Dubai Chamber interview: Hamad Buamim

Winning Expo 2020 could be “a life changer” for Dubai, says the man who oversees the interests of the private sector in the city, Hamad Buamim
Dubai Chamber interview: Hamad Buamim
By Ed Attwood
Sun 24 Feb 2013 08:36 AM

Even for a city that seems to reinvent itself every few years, the landscape of Dubai could change immeasurably by 2020, if all goes according to plan. While the city has marched south along the Arabian Sea shoreline in the last decade, a large desert landscape is still awaiting development. If Dubai wins the rights to hold the World Expo in seven years time, a 438 hectare site in Jebel Ali will play host to one of the planet’s biggest events.

Dubai Trade Centre – Jebel Ali – as the site will be known, is equidistant from the centre of the city and Abu Dhabi. It will be sandwiched between what will eventually be the world’s biggest airport, Al Maktoum International, and the world’s third biggest port. But far more importantly than that, a Dubai win would represent the first time that the Expo has been held anywhere in the Middle East, North Africa and South Asia region.

“It would be life-changing for Dubai,” says Hamad Buamim, the director general of the Dubai Chamber, the industry body that represents the private sector in the emirate. “I can see that in 2020, with Expo 2020, that the whole area will be like what we see in the middle of Dubai today. You can see that Dubai has been successful in doing the same thing with areas like Internet City in the past, so in a few years, I think we can do even better than that.”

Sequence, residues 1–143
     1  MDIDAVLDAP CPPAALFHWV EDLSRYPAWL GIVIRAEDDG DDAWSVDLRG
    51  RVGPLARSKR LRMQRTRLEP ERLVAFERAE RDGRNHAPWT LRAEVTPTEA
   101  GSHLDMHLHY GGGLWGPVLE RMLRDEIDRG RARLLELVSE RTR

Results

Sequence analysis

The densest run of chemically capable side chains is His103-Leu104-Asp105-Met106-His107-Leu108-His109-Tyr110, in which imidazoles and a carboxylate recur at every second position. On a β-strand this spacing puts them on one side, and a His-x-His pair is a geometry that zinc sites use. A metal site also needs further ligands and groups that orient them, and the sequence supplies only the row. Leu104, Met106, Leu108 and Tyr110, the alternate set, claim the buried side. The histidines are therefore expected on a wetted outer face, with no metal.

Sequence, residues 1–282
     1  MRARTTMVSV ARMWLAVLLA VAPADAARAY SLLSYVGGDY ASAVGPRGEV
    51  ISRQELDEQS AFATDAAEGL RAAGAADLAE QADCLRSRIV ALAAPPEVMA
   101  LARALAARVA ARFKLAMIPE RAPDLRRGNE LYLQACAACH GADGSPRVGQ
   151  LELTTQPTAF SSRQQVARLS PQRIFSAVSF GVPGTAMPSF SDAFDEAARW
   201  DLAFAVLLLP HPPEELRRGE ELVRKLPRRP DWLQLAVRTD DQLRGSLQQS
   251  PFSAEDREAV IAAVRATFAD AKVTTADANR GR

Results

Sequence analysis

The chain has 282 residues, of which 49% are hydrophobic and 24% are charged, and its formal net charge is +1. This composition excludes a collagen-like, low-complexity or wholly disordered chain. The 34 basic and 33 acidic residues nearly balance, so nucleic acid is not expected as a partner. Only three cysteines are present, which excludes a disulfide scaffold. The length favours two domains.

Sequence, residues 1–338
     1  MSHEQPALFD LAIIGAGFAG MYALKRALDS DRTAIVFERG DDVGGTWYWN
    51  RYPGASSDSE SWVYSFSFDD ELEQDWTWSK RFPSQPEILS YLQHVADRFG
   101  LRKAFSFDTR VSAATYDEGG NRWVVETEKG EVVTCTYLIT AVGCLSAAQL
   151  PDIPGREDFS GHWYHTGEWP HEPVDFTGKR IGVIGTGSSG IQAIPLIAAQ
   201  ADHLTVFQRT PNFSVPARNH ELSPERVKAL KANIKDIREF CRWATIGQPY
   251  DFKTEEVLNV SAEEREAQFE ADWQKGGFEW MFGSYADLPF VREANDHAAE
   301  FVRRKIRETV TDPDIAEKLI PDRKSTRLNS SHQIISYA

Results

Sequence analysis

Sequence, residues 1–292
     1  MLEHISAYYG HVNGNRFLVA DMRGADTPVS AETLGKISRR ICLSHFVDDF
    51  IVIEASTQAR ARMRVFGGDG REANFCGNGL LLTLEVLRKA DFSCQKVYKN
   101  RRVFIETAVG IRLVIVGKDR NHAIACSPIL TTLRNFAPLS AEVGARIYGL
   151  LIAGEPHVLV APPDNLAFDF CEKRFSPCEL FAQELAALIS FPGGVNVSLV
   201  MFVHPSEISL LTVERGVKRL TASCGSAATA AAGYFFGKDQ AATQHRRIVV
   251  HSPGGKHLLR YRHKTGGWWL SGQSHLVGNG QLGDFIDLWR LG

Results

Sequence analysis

More buildings, more hotels, more roads, a mammoth convention centre and metro links are all on the cards. And expectations are massive; Buamim says that if the bid is secured, the emirate will be expecting roughly 25 million visitors a year by 2020, a huge jump on the roughly nine million tourists who made their way to the emirate in 2012.

Also in the running to host the event are cities in Thailand, Russia, Brazil and Turkey, all of which are, like the UAE, emerging and fast-growing economies. The competition is tight, and with the results expected to be announced in November this year, the Dubai team certainly isn’t complacent. But it also has some heavy hitters backing its bid, including Sheikh Ahmed bin Saeed Al Maktoum, who is chairing the bid’s higher committee, and Minister of State Reem Al Hashimy, who is the managing director.

“We believe that the only place [to hold the event] is Dubai; we have the infrastructure and we can build even bigger infrastructure going forwards,” Buamim adds. “And, of course, if you take the UAE as a country, it’s the second-biggest Arab economy, an open one, it’s growing, and it’s well-connected with the rest of the world. Safety and stability is very important – and if you look around the Middle East, the UAE is one of the few areas that has that vital element.”

If promoting Dubai’s Expo bid was Buamim’s only job, he’d still have his hands full. But that’s just a small item on a to-do list that seems to be growing by the day. He’s a regular traveller, marketing Dubai’s businesses to the world, and in turn trying to get international firms to set up shop in the emirate. And he also acts as a go-between between the private sector and the government, offering the chamber’s advice on laws and regulations, and trying to cut down on the amount of red tape that local firms have to put up with.